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Routes

Background

Routes allow users to map a URL pattern to a Worker script to enable Workers to run on custom domains.

Custom zones

For zones proxied on Cloudflare*, route patterns decide what (if any) script is matched based on the URL of that request. Requests are routed through a Workers script when the URL matches a route pattern assigned to that script.

Route patterns can be added with the Cloudflare API or on the Workers tab in the Cloudflare dashboard (after selecting a zone).

Cloudflare Site routes are comprised of:

The Routes REST API documentation can be found in the Workers API docs.

* A zone that you have registered with some registrar (not workers.dev) and setup Cloudflare to serve as a reverse proxy.

Matching Behavior

Route patterns look like this:

https://*.example.com/images/*

This pattern would match all HTTPS requests destined for a subhost of example.com and whose paths are prefixed by /images/.

A pattern to match all requests looks like this:

*example.com/*

While they look similar to a regex pattern, route patterns follow specific rules:

  • The only supported operator is wildcard * which matches zero or more of any character.

  • Route patterns may not contain infix wildcards or query parameters, e.g. neither example.com/*.jpg nor example.com/?foo=* are valid route patterns.

  • When more than one route pattern could match a request URL, the most specific route pattern wins. For example, the pattern www.example.com/* would take precedence over *.example.com/* when matching a request for https://www.example.com/.

  • Route pattern matching considers the entire request URL, including the query parameter string. Since route patterns may not contain query parameters, the only way to have a route pattern match URLs with query parameters is to terminate it with a wildcard, *.

  • Route patterns are case sensitive, e.g. example.com/Images/* and example.com/images/* are two distinct routes.

A route can be specified without being associated with a worker; this will act to negate any less specific patterns. For example, consider this pair of route patterns, one with a Workers script and one without:

*example.com/images/cat.png -> <no script>*example.com/images/*       -> worker-script

In this example, all requests destined for example.com and whose paths are prefixed by /images/ would be routed to worker-script, except for /images/cat.png, which would bypass Workers completely. Requests with a path of /images/cat.png?foo=bar would be routed to worker-script, due to the presence of the query string.

Validity

Here is the full set of rules governing route pattern validity:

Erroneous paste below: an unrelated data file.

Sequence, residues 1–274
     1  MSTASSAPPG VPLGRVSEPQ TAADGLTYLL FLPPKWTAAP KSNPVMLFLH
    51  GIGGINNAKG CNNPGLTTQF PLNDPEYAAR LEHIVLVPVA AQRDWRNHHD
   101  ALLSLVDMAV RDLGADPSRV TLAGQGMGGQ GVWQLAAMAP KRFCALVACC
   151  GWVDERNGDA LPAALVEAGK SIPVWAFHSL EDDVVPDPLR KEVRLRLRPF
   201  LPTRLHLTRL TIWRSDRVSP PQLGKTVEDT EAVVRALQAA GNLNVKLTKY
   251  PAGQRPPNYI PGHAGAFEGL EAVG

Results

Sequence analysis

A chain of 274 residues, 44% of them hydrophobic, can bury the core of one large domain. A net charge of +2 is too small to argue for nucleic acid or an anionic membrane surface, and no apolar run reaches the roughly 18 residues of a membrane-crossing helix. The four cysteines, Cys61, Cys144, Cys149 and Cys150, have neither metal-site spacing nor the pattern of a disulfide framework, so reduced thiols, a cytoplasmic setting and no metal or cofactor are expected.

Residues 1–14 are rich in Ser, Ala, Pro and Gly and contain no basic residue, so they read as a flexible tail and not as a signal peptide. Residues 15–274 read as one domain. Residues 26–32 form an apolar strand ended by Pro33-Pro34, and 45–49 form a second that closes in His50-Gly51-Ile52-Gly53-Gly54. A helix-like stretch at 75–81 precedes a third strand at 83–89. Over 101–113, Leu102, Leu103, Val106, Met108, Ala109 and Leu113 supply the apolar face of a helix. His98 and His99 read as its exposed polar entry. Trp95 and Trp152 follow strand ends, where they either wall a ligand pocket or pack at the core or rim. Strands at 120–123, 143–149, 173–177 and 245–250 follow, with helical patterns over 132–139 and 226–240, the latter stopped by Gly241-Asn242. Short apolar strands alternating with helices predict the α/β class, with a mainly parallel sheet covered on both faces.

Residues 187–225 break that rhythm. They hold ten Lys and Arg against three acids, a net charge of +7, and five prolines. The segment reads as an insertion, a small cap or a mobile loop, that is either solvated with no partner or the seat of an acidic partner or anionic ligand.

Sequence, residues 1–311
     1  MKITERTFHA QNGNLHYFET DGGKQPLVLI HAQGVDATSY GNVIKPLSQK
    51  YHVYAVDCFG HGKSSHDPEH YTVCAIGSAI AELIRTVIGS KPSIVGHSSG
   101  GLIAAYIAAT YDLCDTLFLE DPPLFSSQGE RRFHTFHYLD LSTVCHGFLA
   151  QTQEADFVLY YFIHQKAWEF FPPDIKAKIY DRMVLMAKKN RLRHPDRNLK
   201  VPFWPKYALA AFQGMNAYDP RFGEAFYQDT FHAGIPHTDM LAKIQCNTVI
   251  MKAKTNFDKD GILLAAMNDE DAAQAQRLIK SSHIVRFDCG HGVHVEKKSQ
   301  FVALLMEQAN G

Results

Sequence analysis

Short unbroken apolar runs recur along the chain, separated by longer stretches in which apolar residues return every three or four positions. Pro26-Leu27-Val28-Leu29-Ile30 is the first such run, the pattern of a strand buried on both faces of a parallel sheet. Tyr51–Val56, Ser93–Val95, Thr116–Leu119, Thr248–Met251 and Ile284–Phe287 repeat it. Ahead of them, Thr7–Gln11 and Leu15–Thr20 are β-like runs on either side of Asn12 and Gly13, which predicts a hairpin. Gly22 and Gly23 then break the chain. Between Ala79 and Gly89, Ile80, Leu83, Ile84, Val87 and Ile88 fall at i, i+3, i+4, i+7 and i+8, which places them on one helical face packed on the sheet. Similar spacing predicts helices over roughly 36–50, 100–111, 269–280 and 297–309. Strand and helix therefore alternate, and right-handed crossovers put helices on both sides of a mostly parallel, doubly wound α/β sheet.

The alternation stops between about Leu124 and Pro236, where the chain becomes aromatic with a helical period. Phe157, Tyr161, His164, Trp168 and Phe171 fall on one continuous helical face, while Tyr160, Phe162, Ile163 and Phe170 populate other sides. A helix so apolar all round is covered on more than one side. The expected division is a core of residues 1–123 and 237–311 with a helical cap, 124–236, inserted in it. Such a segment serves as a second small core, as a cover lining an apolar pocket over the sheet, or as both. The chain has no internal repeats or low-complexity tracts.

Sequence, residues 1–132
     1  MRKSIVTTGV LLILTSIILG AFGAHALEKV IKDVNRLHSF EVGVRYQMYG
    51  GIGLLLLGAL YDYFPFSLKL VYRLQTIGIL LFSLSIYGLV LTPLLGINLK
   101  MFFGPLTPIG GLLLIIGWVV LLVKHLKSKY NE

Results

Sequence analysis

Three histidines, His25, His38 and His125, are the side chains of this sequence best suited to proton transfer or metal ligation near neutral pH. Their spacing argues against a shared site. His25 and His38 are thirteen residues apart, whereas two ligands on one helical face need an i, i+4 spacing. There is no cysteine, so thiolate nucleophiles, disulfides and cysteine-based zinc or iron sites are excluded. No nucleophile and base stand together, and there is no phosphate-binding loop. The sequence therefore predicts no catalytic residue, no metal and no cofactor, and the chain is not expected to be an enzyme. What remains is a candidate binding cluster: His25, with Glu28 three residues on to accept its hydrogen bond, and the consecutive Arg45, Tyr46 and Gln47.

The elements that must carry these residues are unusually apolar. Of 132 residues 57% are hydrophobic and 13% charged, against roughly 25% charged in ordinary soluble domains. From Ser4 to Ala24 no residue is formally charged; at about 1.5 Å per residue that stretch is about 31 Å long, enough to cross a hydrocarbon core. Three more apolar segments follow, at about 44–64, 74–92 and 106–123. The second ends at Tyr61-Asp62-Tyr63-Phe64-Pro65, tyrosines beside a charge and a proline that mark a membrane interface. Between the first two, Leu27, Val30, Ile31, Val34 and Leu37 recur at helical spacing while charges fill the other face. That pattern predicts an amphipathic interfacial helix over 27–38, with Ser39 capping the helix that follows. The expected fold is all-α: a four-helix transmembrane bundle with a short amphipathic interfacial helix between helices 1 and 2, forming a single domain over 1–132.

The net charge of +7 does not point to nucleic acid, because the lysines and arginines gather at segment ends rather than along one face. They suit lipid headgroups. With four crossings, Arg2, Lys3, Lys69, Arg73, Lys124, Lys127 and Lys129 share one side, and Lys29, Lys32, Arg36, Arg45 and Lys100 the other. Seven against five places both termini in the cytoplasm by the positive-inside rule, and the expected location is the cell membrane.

Route patterns must include your zone

If your zone is example.com, then the simplest possible route pattern you can have is example.com, which would match http://example.com/ and https://example.com/, and nothing else. As with a URL, there is an implied path of / if you do not specify one.

Route patterns may not contain any query parameters

For example, https://example.com/?anything is not a valid route pattern.

Route patterns may optionally begin with http:// or https://

If you omit a scheme in your route pattern, it will match both http:// and https:// URLs. If you include http:// or https://, it will only match HTTP or HTTPS requests, respectively.

  • https://*.example.com/ matches https://www.example.com/ but not http://www.example.com/

  • *.example.com/ matches both https://www.example.com/ and http://www.example.com/.

Hostnames may optionally begin with *

If a route pattern hostname begins with *, then it matches the host and all subhosts. If a route pattern hostname begins with *., then it matches only all subhosts.

  • *example.com/ matches https://example.com/ and https://www.example.com/

  • *.example.com/ matches https://www.example.com/ but not https://example.com/

Paths may optionally end with *

If a route pattern path ends with *, then it matches all suffixes of that path.

  • https://example.com/path* matches https://example.com/path and https://example.com/path2 and https://example.com/path/readme.txt

  • https://example.com/path/* matches https://example.com/path/readme.txt but not https://example.com/path2.

Subdomains must have a DNS Record

All subdomains must have a DNS record to be proxied on Cloudflare and used to invoke a Worker. For example, if you want to put a worker on myname.example.com, and you've added example.com to Cloudflare but have not added any DNS records for example.com, any request to myname.example.com will result in the error ERR_NAME_NOT_RESOLVED.

To support this, you should use the Cloudflare dashboard to add an AAAA record for myname to example.com, pointing to 100:: (the reserved IPv6 discard prefix).